Cutler J.A.,161 Elliott Ave. |
Wells D.A.,161 Elliott Ave. |
Van De Loosdrecht A.A.,VU University Amsterdam |
De Baca M.E.,Pathology Associates of Kitsap County |
And 6 more authors.
Cytometry Part B - Clinical Cytometry | Year: 2011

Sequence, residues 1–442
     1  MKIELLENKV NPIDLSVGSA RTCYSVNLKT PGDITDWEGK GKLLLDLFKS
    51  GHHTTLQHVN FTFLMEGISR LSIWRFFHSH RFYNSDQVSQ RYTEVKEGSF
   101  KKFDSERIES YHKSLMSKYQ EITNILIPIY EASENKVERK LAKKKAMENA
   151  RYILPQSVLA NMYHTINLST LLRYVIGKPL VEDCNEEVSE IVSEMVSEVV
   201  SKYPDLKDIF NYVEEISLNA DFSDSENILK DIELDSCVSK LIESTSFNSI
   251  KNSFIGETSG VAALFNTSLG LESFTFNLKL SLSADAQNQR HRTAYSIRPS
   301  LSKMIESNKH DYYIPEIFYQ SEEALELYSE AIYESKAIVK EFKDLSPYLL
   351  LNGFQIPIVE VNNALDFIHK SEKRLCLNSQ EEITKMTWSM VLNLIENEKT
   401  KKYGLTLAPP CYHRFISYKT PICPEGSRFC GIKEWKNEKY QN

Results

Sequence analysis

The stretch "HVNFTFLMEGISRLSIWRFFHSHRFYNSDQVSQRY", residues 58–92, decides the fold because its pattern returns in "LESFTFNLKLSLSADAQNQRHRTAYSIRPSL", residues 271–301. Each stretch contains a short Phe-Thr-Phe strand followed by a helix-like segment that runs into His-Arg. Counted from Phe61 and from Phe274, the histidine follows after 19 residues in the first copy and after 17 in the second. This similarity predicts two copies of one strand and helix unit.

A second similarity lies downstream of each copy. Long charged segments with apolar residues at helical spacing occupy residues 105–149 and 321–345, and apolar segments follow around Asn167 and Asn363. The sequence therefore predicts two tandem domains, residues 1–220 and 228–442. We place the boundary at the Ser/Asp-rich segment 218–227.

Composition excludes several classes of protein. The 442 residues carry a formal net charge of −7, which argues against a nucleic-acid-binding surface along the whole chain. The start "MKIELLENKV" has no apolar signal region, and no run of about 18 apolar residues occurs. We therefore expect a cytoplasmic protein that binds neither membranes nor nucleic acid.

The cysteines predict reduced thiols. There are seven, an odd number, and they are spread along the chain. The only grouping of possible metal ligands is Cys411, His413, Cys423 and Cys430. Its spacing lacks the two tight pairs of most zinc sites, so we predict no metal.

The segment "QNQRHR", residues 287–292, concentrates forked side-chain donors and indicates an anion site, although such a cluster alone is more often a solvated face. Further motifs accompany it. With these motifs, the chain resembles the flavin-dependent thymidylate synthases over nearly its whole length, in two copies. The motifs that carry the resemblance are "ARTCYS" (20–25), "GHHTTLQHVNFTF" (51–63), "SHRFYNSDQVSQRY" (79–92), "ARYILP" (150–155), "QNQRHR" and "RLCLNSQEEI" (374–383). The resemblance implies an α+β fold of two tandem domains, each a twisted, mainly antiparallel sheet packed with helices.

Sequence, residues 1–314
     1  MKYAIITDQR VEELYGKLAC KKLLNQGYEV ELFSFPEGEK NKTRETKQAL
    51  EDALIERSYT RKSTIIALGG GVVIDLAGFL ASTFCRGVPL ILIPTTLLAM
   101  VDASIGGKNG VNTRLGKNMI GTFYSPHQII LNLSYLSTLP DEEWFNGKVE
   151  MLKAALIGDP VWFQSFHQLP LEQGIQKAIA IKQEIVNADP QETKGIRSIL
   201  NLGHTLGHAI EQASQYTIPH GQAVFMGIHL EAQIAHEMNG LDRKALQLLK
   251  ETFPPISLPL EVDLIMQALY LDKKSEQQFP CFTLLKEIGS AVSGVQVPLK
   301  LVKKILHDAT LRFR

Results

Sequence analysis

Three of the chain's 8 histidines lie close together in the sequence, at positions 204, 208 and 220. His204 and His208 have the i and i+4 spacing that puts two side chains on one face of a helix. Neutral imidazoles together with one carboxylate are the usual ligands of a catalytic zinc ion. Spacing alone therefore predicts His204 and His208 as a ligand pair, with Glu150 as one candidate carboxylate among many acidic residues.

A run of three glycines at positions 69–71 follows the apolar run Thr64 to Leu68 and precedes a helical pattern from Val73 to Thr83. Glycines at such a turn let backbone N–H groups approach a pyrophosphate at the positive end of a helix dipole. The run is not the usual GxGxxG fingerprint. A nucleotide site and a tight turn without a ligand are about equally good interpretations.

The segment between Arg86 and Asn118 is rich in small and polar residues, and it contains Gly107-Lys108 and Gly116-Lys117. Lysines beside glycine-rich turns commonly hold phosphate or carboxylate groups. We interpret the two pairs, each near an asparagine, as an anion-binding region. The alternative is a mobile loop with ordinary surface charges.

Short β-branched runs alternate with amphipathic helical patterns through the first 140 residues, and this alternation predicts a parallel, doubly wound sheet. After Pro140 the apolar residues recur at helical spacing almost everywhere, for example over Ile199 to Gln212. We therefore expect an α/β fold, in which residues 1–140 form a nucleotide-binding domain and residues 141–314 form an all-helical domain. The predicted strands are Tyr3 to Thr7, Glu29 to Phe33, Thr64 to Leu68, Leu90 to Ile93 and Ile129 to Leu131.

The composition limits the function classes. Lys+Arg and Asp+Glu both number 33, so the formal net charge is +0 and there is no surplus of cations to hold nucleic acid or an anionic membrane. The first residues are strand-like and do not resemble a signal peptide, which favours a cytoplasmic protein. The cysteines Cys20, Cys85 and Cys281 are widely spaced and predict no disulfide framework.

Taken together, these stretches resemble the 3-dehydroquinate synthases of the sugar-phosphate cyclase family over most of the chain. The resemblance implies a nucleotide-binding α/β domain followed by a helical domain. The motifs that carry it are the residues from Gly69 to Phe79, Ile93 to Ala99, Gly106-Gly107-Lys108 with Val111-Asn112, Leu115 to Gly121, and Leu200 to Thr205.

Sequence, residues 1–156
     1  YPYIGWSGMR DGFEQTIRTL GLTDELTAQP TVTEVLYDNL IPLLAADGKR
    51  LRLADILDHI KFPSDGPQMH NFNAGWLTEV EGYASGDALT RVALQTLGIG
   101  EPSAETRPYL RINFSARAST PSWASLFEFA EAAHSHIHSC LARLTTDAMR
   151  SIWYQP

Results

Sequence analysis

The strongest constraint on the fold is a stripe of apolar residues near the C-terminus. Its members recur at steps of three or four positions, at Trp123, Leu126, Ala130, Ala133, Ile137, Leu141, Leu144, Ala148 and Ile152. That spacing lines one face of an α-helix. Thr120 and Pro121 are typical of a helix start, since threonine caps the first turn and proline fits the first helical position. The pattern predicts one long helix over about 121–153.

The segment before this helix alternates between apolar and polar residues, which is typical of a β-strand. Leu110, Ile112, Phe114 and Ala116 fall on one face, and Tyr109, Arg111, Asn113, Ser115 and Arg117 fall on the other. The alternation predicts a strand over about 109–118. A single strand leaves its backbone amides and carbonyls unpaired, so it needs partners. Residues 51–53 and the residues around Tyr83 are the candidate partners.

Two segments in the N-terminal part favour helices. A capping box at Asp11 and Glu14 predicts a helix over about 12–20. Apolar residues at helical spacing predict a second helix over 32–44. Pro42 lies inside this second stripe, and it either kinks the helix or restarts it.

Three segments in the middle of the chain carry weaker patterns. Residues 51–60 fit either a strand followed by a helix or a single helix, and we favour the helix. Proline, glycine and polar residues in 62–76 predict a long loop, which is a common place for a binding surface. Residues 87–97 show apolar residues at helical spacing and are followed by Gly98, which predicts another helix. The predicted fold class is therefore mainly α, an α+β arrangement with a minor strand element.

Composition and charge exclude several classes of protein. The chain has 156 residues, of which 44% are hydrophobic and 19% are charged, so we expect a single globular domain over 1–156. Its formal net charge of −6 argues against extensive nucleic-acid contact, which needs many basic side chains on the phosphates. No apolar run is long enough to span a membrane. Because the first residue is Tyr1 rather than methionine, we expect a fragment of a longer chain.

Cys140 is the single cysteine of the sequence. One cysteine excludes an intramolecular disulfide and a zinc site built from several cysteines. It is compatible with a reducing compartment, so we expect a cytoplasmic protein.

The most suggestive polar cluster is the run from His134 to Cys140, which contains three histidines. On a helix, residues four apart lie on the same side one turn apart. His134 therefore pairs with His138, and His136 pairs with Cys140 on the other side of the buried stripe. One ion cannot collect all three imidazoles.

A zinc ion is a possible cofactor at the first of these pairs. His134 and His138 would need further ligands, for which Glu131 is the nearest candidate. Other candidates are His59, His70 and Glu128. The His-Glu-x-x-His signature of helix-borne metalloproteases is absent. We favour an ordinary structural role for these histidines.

Background: In patients with unexplained cytopenias, abnormal karyotyping studies can be found with inconclusive light microscopic findings. Multidimensional flow cytometry (FCM) can identify myelomonocytic cells with aberrant phenotypes often not seen by standard morphology. Methods: In 431 patients presenting with unexplained cytopenia(s) FCM results were compared to abnormal karyotyping and FISH results recognized as associated with myelodysplastic syndrome (MDS) in the 2008 WHO classification, to assess the degree of and types of phenotypic abnormalities observed using a previously reported flow cytometric scoring system (FCSS). Fluorescence activated cell sorting was also used to identify subpopulations of abnormal maturing myelomonocytic cells that carry the genotypic abnormality. Results: For marrows with complex (three or more karyotypic abnormalities), two abnormalities, isolated chromosome seven anomalies, del(5q) or del(13q), 100% of cases were positive when using a FCSS cutoff of ≥2. Trisomy 8, del(20q), and minus Y had flow scores ≥2 in 72, 60, and 18%, respectively, but in some cases the flow score was high, indicating myeloid dysplasia. Most patients (16/22) with high myeloid progenitor cells (MyPC) (>20%) also exhibited maturing myeloid cell abnormalities by FCM. Morphology was negative in the maturing myeloid cells in many cases with phenotypically abnormal myeloid cells. Conclusions: The high correlation between genotypic and phenotypic abnormalities suggests a possible increased utility of flow cytometry in the diagnosis of patients with unexplained cytopenias and may be useful in future clinical studies and in the classification by the WHO, using the FCSS rather than simple counting of flow cytometric abnormalities. © 2010 International Clinical Cytometry Society.